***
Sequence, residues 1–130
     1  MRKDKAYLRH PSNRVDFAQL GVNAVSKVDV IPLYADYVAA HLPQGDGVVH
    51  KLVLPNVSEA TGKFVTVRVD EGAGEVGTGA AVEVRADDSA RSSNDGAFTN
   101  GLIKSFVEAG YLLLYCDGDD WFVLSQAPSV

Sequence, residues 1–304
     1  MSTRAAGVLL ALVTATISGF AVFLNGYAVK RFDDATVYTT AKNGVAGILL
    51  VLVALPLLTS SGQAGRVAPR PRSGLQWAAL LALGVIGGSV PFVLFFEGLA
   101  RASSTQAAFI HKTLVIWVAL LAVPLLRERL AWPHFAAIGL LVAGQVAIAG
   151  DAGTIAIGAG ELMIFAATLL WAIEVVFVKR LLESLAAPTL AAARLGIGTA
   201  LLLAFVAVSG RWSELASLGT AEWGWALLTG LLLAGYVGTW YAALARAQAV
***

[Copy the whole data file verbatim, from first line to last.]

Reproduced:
Sequence, residues 1–130
     1  MRKDKAYLRH PSNRVDFAQL GVNAVSKVDV IPLYADYVAA HLPQGDGVVH
    51  KLVLPNVSEA TGKFVTVRVD EGAGEVGTGA AVEVRADDSA RSSNDGAFTN
   101  GLIKSFVEAG YLLLYCDGDD WFVLSQAPSV

Sequence, residues 1–304
     1  MSTRAAGVLL ALVTATISGF AVFLNGYAVK RFDDATVYTT AKNGVAGILL
    51  VLVALPLLTS SGQAGRVAPR PRSGLQWAAL LALGVIGGSV PFVLFFEGLA
   101  RASSTQAAFI HKTLVIWVAL LAVPLLRERL AWPHFAAIGL LVAGQVAIAG
   151  DAGTIAIGAG ELMIFAATLL WAIEVVFVKR LLESLAAPTL AAARLGIGTA
   201  LLLAFVAVSG RWSELASLGT AEWGWALLTG LLLAGYVGTW YAALARAQAV